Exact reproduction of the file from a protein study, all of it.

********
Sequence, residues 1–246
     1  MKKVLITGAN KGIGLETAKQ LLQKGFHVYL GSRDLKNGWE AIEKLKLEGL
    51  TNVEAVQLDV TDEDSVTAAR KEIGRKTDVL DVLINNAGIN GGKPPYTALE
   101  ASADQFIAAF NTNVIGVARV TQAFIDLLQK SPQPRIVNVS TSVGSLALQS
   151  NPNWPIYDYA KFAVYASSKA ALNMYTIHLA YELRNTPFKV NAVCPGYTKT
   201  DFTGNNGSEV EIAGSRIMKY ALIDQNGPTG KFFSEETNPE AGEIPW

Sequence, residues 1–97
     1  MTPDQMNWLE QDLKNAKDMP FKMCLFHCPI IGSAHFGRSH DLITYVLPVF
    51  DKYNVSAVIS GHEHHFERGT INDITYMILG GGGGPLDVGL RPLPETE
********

Sequence, residues 1–246
     1  MKKVLITGAN KGIGLETAKQ LLQKGFHVYL GSRDLKNGWE AIEKLKLEGL
    51  TNVEAVQLDV TDEDSVTAAR KEIGRKTDVL DVLINNAGIN GGKPPYTALE
   101  ASADQFIAAF NTNVIGVARV TQAFIDLLQK SPQPRIVNVS TSVGSLALQS
   151  NPNWPIYDYA KFAVYASSKA ALNMYTIHLA YELRNTPFKV NAVCPGYTKT
   201  DFTGNNGSEV EIAGSRIMKY ALIDQNGPTG KFFSEETNPE AGEIPW

Sequence, residues 1–97
     1  MTPDQMNWLE QDLKNAKDMP FKMCLFHCPI IGSAHFGRSH DLITYVLPVF
    51  DKYNVSAVIS GHEHHFERGT INDITYMILG GGGGPLDVGL RPLPETE